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To Iris

Edith Nesbit

If I might build a palace, fair
With every joy of soul and sense,
And set my heart as sentry there
To guard your happy innocence.

If I might plant a hedge so strong
No creeping sorrow could writhe through,
And find my whole life not too long
To give, to make your hedge for you.

If I could teach the wandering air
To bring no sounds that were not sweet,
Could teach the earth that only fair
Untrodden flower deserved your feet:

Would I not tear the secret scroll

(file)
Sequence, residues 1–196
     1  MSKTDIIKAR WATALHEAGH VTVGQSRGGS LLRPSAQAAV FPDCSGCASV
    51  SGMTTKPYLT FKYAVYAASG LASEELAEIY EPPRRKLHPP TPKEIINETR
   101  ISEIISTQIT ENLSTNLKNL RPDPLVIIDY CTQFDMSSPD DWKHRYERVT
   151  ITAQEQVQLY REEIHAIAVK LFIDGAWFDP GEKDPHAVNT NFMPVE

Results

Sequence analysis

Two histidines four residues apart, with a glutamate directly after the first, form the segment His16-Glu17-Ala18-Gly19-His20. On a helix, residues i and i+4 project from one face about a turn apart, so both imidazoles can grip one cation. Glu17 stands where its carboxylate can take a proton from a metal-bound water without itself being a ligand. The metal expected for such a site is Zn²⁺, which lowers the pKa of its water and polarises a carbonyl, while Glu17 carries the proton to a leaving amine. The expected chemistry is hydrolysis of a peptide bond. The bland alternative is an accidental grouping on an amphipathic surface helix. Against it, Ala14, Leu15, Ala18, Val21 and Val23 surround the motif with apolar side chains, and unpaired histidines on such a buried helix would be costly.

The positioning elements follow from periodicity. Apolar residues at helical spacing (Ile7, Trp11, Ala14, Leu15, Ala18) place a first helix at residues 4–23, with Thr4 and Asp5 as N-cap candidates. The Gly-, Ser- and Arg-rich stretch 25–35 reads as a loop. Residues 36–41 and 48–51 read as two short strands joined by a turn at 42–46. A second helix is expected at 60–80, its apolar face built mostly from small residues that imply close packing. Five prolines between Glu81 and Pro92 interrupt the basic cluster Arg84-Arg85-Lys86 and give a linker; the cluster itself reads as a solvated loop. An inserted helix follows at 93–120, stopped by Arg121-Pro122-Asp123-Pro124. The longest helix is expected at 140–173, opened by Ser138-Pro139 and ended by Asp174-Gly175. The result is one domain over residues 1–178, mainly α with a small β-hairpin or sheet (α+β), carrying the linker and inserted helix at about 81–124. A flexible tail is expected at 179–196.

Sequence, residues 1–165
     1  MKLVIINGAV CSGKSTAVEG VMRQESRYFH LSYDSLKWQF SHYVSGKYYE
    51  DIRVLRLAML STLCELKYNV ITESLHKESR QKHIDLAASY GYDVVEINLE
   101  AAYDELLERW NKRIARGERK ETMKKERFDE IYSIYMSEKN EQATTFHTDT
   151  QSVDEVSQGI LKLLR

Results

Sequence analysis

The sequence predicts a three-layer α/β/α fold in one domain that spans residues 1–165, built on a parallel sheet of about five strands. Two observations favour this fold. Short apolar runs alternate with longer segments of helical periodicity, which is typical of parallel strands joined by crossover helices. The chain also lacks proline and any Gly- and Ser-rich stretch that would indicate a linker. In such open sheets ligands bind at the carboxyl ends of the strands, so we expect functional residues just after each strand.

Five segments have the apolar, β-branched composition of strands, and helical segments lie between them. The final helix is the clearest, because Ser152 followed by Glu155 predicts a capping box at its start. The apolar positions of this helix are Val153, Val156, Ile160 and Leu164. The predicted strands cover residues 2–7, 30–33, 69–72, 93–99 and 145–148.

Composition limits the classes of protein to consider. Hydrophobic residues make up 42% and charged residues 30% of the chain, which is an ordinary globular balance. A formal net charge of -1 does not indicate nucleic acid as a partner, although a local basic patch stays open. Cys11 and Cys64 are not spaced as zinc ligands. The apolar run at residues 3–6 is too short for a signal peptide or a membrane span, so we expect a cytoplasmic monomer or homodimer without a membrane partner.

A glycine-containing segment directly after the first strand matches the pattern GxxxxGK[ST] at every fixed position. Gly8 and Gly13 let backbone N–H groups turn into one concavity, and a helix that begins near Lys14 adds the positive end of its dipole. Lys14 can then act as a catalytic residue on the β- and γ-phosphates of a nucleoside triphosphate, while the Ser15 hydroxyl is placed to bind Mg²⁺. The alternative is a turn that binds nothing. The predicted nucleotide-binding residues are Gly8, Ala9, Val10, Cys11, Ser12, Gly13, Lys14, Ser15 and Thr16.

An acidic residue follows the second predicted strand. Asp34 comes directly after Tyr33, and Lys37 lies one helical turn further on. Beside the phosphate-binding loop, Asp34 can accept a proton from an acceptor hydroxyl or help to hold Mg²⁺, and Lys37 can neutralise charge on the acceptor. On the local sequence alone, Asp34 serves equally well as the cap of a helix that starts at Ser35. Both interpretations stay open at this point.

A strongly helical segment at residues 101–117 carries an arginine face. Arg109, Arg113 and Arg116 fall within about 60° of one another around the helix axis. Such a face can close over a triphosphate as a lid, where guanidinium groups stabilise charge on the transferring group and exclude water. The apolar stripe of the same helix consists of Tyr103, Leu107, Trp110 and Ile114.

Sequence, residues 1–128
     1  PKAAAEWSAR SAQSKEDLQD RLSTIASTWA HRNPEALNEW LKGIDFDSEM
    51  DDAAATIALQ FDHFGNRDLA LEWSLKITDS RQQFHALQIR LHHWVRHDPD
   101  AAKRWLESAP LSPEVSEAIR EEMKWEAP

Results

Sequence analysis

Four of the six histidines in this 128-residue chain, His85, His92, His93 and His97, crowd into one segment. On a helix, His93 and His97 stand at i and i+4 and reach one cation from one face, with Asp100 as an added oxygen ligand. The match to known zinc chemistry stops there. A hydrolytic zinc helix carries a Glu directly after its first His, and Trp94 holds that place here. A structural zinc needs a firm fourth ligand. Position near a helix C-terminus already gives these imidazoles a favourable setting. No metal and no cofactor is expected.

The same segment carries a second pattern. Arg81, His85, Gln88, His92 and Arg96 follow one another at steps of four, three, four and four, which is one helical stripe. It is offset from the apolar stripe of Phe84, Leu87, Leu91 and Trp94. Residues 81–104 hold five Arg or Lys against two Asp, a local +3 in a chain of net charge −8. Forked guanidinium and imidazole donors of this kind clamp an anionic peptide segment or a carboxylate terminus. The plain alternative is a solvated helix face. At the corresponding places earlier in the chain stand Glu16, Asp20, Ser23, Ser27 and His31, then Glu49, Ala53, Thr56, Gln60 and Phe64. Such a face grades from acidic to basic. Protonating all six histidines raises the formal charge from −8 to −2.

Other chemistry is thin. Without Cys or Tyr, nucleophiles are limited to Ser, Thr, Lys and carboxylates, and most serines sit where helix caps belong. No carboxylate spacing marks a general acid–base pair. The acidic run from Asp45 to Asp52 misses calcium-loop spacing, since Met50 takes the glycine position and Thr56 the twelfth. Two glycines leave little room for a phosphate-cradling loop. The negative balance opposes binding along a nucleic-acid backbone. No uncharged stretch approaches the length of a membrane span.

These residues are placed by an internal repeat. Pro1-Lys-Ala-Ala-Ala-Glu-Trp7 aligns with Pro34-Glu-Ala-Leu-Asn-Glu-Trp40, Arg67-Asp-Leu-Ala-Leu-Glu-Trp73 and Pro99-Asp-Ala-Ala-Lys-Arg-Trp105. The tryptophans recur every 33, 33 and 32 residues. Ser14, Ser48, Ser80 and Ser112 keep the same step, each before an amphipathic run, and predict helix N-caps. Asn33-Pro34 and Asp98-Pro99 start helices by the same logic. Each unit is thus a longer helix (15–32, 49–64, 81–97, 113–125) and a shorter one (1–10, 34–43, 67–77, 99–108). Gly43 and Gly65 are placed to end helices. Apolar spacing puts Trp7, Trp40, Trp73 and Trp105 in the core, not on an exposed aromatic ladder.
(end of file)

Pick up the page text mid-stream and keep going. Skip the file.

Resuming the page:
Where all your griefs lie closely curled,
And give your little hand control
Of all the joys of all the world?

But ah! I have no skill to raise
The palace, teach the hedge to grow;
The common airs blow through your days,
By common ways your dear feet go.

And you must twine of common flowers
The wreath that happy women wear,
And bear in desolate darkened hours
The common griefs that all men bear.

The pinions of my love I fold
Your little shoulders close about:
Ah! could my love keep out the cold
And shut the creeping sorrows out!

Rough paths will tire your darling feet,
Gray skies will weep your tears above,
While round you still, in torment, beat
The impotent wings of mother-love.

Home :: Poetry :: Friendship (5) :: To Iris

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